Supreme Court and the Constitution Term Paper

Download this Term Paper in word format (.doc)

Note: Sample below may appear distorted but all corresponding word document files contain proper formatting

Excerpt from Term Paper:

That's why I am instructing my Administration to get to work immediately with Congress on this issue. We are going to talk with bipartisan Congressional leaders to develop a forceful response to this decision. The public interest requires nothing less.

Eight justices did concur that Congress has the responsibility to require corporations to disclose their spending and to run disclaimers with their advertisements, for "disclosure permits citizens and shareholders to react to the speech of corporate entities in a proper way," Justice Kennedy wrote. The majority referenced a myriad of past decisions that recognize the First Amendment rights of corporations. Justice Stevens conceded that "we have long since held that corporations are covered by the First Amendment."

In Justice Kennedy's view, "…When the government seeks to use its full power, including the criminal law, to command where a person may get his or her information or what distrusted source he or she may not hear, it uses censorship to control thought…This is unlawful. The First Amendment confirms the freedom to think for ourselves." While some hail the decision as the protection free speech -- Fox news ran a headline suggesting the founding fathers were smiling -- others see it as favoring entrenched corporate interests, while still others see it as practical to forming public policy. "Corporations have lots of knowledge about environment, transportation issues, and you are silencing them during the election," Justice Anthony said during arguments. Justice Anthony was mirrored by Justice Scalia, who said: "To exclude or impede corporate speech is to muzzle the principal agents of the modern economy," Justice Antonin Scalia said. "We should celebrate rather than condemn the addition of this speech to the public debate." Senator John McCain offered criticism, although nearly not as biding as the criticism from President Obama:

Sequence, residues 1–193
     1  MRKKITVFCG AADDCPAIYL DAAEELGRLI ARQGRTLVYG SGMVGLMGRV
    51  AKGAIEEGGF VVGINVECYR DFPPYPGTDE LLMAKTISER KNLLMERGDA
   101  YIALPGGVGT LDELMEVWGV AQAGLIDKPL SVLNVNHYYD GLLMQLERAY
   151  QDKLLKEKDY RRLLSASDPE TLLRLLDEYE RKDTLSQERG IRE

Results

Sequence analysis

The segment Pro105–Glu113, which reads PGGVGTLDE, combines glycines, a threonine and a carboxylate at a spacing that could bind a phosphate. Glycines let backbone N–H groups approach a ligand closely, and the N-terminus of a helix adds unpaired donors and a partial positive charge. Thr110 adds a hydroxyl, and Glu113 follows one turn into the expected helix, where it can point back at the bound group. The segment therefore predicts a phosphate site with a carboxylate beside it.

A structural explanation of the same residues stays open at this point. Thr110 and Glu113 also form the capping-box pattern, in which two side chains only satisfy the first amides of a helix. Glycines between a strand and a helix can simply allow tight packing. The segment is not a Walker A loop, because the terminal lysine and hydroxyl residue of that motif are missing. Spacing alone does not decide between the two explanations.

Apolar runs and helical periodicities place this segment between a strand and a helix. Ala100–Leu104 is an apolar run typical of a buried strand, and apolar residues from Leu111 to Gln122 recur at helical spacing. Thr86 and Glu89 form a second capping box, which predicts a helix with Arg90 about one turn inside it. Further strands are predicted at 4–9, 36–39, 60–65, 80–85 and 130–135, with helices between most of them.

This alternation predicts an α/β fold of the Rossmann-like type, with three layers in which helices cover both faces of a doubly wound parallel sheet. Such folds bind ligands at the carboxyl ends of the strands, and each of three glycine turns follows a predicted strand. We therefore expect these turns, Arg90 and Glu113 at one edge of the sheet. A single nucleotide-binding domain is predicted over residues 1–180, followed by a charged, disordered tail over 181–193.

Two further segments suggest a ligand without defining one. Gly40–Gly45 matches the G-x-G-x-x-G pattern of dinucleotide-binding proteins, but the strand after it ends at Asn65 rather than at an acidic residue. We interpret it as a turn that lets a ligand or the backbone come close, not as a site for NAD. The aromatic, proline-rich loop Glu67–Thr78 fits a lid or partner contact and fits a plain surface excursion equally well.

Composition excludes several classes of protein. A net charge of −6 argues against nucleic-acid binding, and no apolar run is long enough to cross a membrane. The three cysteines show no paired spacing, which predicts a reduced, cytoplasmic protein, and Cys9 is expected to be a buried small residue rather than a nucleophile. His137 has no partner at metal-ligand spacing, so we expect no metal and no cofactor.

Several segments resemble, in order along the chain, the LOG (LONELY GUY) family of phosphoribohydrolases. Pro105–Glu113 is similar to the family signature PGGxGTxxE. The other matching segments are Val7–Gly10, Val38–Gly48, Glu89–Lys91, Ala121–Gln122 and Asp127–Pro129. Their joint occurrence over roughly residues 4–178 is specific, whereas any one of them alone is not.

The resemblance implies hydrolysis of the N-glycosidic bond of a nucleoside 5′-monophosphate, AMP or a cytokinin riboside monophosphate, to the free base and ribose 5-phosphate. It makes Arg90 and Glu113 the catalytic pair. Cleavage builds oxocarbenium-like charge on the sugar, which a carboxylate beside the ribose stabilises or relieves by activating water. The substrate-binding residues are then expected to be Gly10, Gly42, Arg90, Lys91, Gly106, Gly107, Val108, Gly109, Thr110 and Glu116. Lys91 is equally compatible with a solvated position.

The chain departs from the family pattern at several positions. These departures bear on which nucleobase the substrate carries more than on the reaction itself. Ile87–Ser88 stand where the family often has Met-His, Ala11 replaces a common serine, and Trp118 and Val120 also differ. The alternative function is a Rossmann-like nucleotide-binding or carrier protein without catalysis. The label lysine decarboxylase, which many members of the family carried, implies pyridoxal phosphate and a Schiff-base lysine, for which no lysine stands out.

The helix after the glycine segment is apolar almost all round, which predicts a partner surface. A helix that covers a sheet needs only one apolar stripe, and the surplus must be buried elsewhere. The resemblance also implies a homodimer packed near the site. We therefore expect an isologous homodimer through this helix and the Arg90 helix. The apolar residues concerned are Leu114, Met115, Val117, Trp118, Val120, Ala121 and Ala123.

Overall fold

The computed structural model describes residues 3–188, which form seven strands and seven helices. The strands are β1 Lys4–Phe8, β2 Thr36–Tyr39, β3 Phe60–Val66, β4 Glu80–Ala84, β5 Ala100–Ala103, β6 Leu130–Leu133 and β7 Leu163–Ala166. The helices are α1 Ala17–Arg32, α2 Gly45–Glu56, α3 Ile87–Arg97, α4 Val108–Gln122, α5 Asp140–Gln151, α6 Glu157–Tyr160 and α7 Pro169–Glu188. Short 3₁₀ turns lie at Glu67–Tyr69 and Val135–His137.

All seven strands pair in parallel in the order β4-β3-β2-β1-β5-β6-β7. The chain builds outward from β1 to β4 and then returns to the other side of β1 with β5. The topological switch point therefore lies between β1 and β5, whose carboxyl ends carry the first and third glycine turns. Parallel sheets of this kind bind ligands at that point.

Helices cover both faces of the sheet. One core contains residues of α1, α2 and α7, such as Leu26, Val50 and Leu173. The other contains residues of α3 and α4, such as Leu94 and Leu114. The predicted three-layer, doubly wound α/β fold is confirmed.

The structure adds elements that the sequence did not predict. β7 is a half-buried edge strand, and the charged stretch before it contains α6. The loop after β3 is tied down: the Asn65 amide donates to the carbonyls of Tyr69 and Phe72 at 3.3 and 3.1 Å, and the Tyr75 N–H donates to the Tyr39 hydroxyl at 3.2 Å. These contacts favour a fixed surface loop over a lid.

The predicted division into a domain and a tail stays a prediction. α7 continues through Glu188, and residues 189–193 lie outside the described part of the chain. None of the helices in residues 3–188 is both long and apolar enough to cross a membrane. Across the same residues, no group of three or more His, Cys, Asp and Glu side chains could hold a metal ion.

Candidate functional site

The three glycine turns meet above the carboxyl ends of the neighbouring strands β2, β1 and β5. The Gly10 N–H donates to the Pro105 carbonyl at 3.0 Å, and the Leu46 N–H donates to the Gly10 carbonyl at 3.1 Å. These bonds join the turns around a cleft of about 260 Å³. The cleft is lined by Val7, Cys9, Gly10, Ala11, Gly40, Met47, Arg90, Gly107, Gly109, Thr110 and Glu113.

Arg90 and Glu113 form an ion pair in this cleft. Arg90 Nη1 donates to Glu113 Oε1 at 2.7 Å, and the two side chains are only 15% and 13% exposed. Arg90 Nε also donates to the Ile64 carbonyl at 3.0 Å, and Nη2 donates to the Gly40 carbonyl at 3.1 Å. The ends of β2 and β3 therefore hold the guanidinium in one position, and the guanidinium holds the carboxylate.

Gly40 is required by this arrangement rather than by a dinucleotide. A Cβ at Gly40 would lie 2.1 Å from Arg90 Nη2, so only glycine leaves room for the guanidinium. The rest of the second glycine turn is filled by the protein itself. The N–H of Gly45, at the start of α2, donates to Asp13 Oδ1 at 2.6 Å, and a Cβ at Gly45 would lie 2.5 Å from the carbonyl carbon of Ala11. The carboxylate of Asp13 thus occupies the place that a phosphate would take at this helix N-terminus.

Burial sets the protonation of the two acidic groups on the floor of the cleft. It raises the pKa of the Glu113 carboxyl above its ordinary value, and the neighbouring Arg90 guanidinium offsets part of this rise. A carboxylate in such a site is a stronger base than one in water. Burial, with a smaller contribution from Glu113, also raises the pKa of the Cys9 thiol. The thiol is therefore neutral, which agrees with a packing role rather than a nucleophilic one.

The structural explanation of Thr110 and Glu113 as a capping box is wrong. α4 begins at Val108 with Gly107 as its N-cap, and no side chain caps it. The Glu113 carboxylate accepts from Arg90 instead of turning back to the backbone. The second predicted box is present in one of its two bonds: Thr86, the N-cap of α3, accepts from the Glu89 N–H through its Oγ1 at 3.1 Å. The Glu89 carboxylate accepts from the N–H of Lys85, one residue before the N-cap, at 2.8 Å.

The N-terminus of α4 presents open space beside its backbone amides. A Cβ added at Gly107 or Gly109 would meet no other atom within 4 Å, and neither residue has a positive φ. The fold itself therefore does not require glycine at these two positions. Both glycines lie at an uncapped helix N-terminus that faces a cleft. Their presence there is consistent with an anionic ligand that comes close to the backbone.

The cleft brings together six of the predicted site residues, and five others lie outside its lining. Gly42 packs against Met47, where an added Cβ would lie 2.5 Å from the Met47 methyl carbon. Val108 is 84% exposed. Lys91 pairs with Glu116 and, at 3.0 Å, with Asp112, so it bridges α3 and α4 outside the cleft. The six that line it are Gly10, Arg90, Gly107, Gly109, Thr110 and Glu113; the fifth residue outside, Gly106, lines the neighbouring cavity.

I am disappointed by the decision of the Supreme Court and the lifting of the limits on corporate and union contributions. However, it appears that key aspects of the Bipartisan Campaign Reform Act (BCRA), including the ban on soft money contributions, remain intact.

Some researchers see the decision as a throwback to the Reagan era, when his administration sought to open up the market to extremely free trade; that is, freeing business from government regulation. Interestingly, of the give justices who made up the majority in last month's case, all were appointed by Reagan or worked as young lawyers in the Reagan administration. "This is a different brand of conservatism," said Trevor Potter, an election law expert who served as counsel to Arizona Republican Sen. John McCain's election campaign. "The justices are shaped by society. Those that came after the Great Depression saw government regulation of corporations as natural and necessary. This younger generation sees it very differently. They have a real distrust of government." (Savage) This distrust of government manifests itself, first and foremost, as distrust of big government. The belief that the "invisible hand" of the free market will allocate resources and wealth in an equitable manner is one that goes back to the foundation of free market thinking in Adam Smith's Wealth of Nations, which, ironically enough, was published in 1776. Many argue that, in fact, big government or small government is not the issue. The issue, in other words, is not a matter of degrees or size, but, rather, type. Government, the argument goes, is merely a tool, used for different ends.